Orthopaedic educators have long confronted the subtle implication that resident participation in surgical care can contribute to patient harm or even death. While there have been numerous changes in residency education to improve the supervision and training of residents, the reality is that surgical trainees have to learn how to operate. This fact can leave surgical patients understandably nervous, and many of them heave heard rumors of a “July effect”—a hypothetical increase in surgery-related complications attributed to resident education at the beginning of an academic year. To provide further clarity on this quandary, in the November 21, 2018 issue of The Journal, Casp et al. examine the relationship between complication rates after lower-extremity trauma surgery (for hip fractures, predominantly), the participation and seniority of residents, and when during the academic year the surgery occurred.
The authors used the NSQIP surgical database to examine >1,800 patient outcomes after lower-extremity surgery according to academic-year quarter and the postgraduate year of the most senior resident involved in the case. The analysis revealed two major findings:
- Overall, there was no “July effect” at the beginning of the academic year in terms of composite complication rates.
- Cases involving more senior residents were associated with an increased risk of superficial surgical site infection during the first academic quarter.
While the authors were unable to provide a precise reason for the second finding, they hypothesized that it could have been related to more stringent data collection early in the academic year, senior-resident inexperience with newly increased responsibilities, or the warm-temperature time of year in which the infections occurred. Casp et al. emphasize that the database used in the study was not robust in terms of documenting case details such as complexity and the degree of resident autonomy, which makes cause-and-effect conclusions impossible to pinpoint.
Although this large database study does not answer granular questions regarding the appropriate role of residents in orthopaedic surgery, it should stimulate further research in this area. Gradually increasing responsibility is necessary within residency programs so that residents develop the skills and decision-making prowess necessary for them to succeed as attending surgeons. Studies like this help guide future research into the important topic of graduate medical education, and they provide patients with some reassurance that the surgical care they receive is not affected by the time during the academic-calendar year in which they receive it.
Marc Swiontkowski, MD
In the December 6, 2017 issue of The Journal, Arshi et al. report on a detailed analysis of a large administrative database, looking specifically at one-year complications associated with outpatient versus standard inpatient knee replacement. This type of analysis is crucial because of the rapidly growing interest in outpatient joint replacement among patients, payers, and the orthopaedic community.
The data convince me that these outpatient procedures should proceed, but with a little more caution. Although the absolute complication rates in both surgical settings were very low, after adjusting for age, sex, and comorbidities, the authors found a higher relative risk of several surgical and medical complications among outpatients—including component failure, infection, knee stiffness requiring manipulation under anesthesia, and deep vein thrombosis.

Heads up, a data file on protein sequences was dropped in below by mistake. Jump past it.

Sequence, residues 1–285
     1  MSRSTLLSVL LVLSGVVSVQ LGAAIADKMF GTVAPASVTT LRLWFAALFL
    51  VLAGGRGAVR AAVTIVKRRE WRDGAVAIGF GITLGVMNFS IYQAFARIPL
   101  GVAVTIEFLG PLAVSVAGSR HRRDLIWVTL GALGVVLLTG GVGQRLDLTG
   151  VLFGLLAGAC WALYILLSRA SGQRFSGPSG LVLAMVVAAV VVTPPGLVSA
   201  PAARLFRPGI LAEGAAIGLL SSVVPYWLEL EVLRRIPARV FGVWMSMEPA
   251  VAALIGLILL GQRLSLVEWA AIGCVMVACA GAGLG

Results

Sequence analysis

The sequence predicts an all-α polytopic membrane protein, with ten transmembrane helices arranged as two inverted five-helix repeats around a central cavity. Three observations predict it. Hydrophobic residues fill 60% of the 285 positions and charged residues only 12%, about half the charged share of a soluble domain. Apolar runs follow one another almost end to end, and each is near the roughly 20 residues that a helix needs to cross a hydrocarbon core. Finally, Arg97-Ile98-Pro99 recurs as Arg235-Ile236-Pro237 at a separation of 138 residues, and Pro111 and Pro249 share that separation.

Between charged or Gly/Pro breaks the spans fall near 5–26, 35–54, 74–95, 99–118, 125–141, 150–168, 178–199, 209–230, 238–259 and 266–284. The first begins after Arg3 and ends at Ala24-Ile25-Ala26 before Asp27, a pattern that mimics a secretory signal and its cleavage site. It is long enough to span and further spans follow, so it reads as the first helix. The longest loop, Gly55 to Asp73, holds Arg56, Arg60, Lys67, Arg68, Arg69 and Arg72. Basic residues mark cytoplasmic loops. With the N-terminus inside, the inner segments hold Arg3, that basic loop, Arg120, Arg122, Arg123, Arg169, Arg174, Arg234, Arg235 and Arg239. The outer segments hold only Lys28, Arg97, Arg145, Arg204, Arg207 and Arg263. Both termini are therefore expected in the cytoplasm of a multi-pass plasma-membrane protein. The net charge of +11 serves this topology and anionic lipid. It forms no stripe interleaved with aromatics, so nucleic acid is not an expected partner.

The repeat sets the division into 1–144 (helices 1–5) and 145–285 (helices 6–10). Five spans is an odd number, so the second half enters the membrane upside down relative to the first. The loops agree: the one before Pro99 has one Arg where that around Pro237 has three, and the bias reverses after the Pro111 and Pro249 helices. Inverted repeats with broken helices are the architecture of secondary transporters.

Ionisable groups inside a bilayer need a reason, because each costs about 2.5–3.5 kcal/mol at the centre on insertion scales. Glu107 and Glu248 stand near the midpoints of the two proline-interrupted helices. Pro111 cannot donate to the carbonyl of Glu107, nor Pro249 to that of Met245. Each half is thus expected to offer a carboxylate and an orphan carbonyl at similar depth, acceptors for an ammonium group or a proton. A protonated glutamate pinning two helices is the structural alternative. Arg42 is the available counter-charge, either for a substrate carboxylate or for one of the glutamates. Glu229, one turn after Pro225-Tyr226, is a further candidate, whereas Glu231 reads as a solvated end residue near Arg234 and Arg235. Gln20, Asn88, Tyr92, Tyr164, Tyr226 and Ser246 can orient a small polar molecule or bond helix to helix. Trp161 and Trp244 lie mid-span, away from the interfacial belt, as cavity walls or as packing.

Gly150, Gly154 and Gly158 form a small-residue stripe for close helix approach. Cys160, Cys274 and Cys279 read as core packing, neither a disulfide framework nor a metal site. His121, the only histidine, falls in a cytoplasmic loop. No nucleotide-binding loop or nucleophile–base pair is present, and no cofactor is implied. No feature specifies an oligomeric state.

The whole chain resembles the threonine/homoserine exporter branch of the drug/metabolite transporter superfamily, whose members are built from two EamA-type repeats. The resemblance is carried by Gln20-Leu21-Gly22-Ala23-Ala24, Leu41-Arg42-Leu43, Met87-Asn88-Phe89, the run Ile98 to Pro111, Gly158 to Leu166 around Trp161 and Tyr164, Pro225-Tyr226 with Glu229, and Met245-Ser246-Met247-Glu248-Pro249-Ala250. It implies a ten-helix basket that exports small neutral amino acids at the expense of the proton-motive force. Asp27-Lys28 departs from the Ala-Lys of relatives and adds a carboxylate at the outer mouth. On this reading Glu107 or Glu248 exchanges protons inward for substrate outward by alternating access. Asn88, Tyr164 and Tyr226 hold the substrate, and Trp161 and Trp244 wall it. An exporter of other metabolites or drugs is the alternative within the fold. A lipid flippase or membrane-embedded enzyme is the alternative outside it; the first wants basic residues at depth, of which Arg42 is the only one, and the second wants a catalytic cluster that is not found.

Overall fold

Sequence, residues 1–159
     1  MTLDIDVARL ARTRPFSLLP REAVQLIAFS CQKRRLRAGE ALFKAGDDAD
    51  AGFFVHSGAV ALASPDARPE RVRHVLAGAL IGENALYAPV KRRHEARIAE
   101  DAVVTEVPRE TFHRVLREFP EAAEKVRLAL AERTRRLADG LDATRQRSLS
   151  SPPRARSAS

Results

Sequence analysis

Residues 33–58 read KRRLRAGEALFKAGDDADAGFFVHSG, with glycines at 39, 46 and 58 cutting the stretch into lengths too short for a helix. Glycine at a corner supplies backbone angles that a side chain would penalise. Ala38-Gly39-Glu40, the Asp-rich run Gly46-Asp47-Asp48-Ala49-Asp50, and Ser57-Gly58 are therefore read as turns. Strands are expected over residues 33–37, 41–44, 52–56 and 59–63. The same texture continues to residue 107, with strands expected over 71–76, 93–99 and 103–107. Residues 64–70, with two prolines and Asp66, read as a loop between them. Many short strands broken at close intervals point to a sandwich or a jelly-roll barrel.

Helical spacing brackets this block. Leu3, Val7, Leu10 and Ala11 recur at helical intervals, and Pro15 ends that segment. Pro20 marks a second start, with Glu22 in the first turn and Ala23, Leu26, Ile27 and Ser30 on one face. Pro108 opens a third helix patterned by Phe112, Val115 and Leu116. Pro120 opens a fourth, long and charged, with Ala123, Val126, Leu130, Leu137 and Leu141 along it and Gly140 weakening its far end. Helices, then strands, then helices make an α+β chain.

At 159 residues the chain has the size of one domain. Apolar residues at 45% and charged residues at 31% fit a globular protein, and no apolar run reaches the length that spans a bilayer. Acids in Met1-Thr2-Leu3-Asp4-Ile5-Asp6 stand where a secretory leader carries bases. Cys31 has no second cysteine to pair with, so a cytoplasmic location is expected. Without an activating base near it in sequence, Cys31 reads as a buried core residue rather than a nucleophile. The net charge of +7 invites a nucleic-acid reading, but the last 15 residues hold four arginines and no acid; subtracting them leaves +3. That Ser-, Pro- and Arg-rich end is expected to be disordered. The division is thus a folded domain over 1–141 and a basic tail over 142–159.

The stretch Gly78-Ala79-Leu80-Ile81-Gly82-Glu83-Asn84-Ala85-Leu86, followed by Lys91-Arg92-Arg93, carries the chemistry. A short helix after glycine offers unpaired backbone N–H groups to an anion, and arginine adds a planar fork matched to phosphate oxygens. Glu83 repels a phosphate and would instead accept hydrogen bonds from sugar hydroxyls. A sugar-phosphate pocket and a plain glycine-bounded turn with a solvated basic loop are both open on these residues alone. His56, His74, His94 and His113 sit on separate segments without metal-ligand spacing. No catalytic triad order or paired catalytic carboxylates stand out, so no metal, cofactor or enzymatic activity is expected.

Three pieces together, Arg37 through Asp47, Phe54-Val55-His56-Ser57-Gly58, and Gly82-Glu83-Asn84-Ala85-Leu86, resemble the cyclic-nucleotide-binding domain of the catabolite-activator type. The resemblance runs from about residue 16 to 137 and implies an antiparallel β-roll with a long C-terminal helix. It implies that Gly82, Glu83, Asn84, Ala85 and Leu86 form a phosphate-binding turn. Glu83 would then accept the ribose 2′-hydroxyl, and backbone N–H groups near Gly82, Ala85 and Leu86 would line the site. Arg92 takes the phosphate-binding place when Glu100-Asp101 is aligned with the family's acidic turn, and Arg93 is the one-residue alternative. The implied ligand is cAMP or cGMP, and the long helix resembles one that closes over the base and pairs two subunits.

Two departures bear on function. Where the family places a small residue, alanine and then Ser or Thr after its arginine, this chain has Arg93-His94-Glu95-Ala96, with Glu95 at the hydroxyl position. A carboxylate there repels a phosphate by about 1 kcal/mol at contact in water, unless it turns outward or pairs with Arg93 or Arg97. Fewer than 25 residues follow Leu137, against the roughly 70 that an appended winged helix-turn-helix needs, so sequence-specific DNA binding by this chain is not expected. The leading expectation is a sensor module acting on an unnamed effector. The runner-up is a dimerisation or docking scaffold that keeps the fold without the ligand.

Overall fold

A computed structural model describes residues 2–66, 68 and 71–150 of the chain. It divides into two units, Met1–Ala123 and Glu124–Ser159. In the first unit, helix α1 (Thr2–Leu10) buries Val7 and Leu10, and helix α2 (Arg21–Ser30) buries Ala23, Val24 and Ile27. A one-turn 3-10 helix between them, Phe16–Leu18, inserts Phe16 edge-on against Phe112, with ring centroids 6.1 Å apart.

One important element that is lacking in this analysis is adjustment for surgeon/hospital volume. We know from important work by Katz and others that patients managed at centers and by surgeons with greater volumes of total knee replacement have lower risks of perioperative adverse events.
These results from Arshi et al. are definitely not a call to stop the expansion of outpatient joint replacement protocols. Instead, I think this study should prompt every joint-replacement center to analyze its risk-adjusted inpatient and outpatient outcomes—and to ensure, as these authors emphasize, that outpatients receive the same level of attention to rehabilitation, antibiotic administration, and thromboprophylaxis as inpatients.
Enhancing outpatient knee-replacement protocols will serve local communities well, and the nationwide orthopaedic community will receive further confirmation that outpatient joint replacement is a move in the right direction.
Marc Swiontkowski, MD
Patients with diabetes have an increased risk of postoperative complications following total joint arthroplasty (TJA). Additionally, perioperative hyperglycemia has been identified as a common and independent risk factor for periprosthetic joint infection, even among patients without diabetes. Therefore, knowing a patient’s glycemic status prior to surgery is very helpful.
In the November 15, 2017 edition of The Journal of Bone & Joint Surgery, Shohat et al. demonstrate that serum fructosamine, a measure of glycemic control obtainable via a simple and inexpensive blood test, is a good predictor of adverse outcomes among TJA patients—whether or not they have diabetes.
Researchers screened 829 patients undergoing TJA for serum fructosamine and HbA1c—a common measure, levels of which <7% are typically considered good glycemic control. Patients with fructosamine levels ≥292 µmol/L had a significantly higher risk of postoperative deep infection, readmission, and reoperation, while HbA1c levels ≥7% showed no significant correlations with any of those three adverse outcomes. Among the 51 patients who had fructosamine levels ≥292 µmol/L, 39% did not have HbA1c levels ≥7%, and 35% did not have diabetes.